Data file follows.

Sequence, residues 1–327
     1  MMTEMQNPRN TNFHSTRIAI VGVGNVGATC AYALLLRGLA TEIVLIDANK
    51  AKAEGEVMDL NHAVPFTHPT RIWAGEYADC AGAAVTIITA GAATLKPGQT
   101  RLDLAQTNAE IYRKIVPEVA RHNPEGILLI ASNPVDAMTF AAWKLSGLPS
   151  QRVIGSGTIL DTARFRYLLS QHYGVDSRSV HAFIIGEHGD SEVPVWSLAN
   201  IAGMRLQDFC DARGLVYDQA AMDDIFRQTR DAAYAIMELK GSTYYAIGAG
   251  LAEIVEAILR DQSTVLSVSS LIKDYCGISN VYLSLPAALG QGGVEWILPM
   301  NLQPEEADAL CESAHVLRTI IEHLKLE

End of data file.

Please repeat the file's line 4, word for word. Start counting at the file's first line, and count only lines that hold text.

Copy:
   101  RLDLAQTNAE IYRKIVPEVA RHNPEGILLI ASNPVDAMTF AAWKLSGLPS